Final sample - manipulated fabric
The last piece in this project is to make up a design based on a drawing from an earlier stage. I quite liked the crumpled paper that I used as a backdrop for some collages, and since I also liked the heat set fabrics, I went all the way and assembled some of these.
First the collage, and some detail:
A dried-up plant dropped its leaves and these also suggested surface pleats and folds:
So, here are the building blocks of what I assembled - heated up, ironed and painted/unpainted tyvek, iron heated polyester and oven-heated polyester. The fabric was leftovers from the printing projects in assignment 2.
On this detail I really liked the top right piece, which is a randomly gathered piece heat set with the iron. All of it needed to be sewn onto a firm backing fabric as the polyester is quite slippery.
The course book says we should not sew anything onto this sample. Although the effects work on this sample, the totality needs to be tied better together to unify everything, and in the end a line crossing all will help - so I am sewing on a piece of cotton string painted blue. So here's a 'before' picture with the blue string being attached:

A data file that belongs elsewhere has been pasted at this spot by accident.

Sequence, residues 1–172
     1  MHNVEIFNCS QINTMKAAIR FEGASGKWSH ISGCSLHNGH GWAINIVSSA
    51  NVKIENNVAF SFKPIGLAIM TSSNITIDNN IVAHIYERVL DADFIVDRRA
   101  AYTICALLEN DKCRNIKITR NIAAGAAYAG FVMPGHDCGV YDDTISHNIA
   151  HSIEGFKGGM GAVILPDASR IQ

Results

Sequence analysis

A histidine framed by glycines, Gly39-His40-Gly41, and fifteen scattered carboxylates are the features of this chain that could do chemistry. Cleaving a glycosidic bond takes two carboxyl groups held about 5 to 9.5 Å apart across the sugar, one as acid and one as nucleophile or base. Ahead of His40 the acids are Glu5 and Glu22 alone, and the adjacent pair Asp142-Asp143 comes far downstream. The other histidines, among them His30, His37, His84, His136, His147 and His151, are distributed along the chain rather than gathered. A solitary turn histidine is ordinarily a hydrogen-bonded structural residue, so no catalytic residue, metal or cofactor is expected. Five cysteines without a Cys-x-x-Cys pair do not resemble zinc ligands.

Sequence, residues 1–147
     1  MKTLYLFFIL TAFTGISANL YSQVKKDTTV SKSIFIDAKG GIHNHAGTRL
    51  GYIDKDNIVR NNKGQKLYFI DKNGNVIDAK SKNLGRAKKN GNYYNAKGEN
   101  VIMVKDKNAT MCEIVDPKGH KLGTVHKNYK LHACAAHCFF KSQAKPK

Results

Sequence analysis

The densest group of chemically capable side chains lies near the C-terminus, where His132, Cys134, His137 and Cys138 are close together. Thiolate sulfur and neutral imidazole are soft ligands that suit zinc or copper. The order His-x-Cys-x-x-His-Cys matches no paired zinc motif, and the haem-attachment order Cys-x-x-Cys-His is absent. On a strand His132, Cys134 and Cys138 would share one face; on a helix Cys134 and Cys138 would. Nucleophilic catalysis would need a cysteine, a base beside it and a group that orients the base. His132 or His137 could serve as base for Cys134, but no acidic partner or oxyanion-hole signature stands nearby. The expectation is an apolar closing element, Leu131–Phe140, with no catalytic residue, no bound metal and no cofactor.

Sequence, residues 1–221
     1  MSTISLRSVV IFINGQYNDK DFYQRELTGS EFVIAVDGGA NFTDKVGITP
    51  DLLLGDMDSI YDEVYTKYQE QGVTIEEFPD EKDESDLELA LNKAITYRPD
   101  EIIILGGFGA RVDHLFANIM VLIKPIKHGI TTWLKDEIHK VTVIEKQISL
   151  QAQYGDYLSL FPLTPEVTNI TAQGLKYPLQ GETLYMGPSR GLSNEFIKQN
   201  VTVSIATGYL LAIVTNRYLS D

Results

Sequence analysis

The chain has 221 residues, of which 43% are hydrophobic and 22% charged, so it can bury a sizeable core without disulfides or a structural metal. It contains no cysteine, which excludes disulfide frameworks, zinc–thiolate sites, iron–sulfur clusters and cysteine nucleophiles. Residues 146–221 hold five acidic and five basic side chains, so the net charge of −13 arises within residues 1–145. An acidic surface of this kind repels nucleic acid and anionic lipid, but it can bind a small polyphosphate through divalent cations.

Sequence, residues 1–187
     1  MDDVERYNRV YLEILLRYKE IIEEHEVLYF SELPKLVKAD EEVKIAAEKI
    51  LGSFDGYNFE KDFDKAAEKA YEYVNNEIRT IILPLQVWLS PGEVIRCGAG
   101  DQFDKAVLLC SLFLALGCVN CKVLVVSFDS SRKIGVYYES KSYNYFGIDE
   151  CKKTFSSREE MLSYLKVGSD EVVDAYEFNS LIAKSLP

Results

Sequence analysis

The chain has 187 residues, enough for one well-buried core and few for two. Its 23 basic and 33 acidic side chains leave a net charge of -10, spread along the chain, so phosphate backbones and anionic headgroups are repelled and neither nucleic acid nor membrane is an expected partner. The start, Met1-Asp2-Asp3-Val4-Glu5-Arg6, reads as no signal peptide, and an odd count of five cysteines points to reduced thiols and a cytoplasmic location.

The final piece with the string applied and a few beads
Draper, Jean, 2013, Stitch and Structure: Design and Technique in two and three-dimensional textiles, London: Batsford
Lee, Ruth, 2010, Three-Dimensional Textiles with Coils, Loops, Knots and Nets, London: Batsford
Meech, Sandra, 2006, Contemporary Quilts: Design, Surface and Stitch, London: Batsford,
Wolff, Colette et al, 2003, The Art of Manipulating Fabric, Krause Publications